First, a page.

From terminal C (FIG. 4C), the method 400 proceeds to block 422 where the first node receives the invitation, which includes the edge (formed by the two addresses of the two nodes) sent by the inviter 308. Next, at decision block 424, a test is made to determine whether the first node has already been matched to another node. If the answer to the test at decision block 424 is YES, the method 400 proceeds to another continuation terminal (“terminal F”) where the method 400 terminates execution. If the answer to the test at decision block 424 is NO, another decision block 426 is entered by the method 400 where a test is made to determine whether the edge is already known to the first node. If the answer is YES to the test at decision block 426, the method 400 proceeds to terminal F where it terminates execution. Otherwise, the answer to the test at decision block 426 is NO, and the method 400 proceeds to another continuation terminal (“terminal C1”).

From terminal C1 (FIG. 4D), the method 400 proceeds to block 428 where the method 400 gets the length of a neighbor's array (which contains a number of edges) of the first node. The use of an array is discussed here for illustrative purposes only. Any suitable data structure can be used and the invention is not limited to the use of arrays. Next, at block 430, the length is assigned to a variable index. The edge (formed by the two addresses of the two nodes) is stored at a location in the neighbor's array (addressed by the variable index). See block 432. The method 400 then proceeds to decision block 434 where a test is made to determine whether the edge is the only edge in the neighbor's array. If the answer is NO to the test at decision block 434, the method 400 continues to the terminal F where it terminates execution. Otherwise, the answer to the test at decision block 434 is YES, and the method 400 proceeds to block 436 where the first node sends an availability message to the second node to determine the second node's availability for communication. The method 400 then proceeds to the exit terminal D.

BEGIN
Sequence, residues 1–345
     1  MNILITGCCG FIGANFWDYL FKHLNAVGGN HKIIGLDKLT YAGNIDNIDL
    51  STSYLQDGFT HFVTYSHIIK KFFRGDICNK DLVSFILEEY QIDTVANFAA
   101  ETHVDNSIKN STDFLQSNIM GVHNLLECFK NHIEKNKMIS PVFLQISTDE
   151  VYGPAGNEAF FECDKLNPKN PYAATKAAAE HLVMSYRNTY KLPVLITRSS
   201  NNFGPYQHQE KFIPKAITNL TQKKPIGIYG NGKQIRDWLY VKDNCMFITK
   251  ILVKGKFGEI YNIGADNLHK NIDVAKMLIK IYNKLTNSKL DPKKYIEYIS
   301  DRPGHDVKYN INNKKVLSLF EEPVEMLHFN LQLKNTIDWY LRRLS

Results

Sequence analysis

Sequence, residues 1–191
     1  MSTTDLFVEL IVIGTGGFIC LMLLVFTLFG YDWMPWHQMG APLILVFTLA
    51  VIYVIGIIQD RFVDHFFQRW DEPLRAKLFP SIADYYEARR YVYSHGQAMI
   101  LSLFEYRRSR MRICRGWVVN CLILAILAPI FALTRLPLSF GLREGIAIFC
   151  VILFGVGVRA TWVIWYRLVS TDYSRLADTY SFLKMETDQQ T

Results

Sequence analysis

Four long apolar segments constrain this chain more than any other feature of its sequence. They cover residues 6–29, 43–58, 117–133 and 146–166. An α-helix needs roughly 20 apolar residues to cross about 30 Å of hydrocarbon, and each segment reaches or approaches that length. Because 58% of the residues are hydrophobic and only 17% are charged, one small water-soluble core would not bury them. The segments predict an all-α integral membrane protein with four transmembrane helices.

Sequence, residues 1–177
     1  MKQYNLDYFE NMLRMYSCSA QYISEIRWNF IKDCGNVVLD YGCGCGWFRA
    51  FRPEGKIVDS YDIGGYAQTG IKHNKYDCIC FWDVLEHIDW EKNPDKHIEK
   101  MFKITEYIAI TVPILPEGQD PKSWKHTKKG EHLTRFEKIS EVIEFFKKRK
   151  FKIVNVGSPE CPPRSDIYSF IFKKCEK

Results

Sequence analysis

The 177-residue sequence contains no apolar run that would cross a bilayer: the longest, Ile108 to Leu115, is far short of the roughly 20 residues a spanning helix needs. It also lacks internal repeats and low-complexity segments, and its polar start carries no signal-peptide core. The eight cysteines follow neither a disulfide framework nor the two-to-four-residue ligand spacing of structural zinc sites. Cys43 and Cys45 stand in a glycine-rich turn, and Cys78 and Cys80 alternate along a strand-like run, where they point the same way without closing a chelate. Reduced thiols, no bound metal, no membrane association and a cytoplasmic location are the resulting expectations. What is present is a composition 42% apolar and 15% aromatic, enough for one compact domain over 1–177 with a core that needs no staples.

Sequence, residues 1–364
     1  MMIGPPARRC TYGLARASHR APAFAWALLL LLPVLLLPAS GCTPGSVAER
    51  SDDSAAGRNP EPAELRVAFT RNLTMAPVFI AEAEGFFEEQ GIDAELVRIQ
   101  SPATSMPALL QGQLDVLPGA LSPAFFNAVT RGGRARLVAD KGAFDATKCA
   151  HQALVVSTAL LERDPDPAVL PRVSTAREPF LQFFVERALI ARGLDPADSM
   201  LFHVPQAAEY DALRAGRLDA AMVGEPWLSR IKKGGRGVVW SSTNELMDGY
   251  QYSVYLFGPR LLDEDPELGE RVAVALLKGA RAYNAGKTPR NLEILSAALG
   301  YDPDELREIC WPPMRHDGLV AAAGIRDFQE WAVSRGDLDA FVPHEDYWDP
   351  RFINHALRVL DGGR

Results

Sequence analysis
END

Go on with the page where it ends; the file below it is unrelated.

From terminal D (FIG. 4A), the method 400 proceeds to a set of method steps 406 defined between a continuation terminal “terminal E”) and terminal F, which is an exit terminal. The set of method steps 406 describes the process in which matched nodes confirm communication with each other and reject other nodes.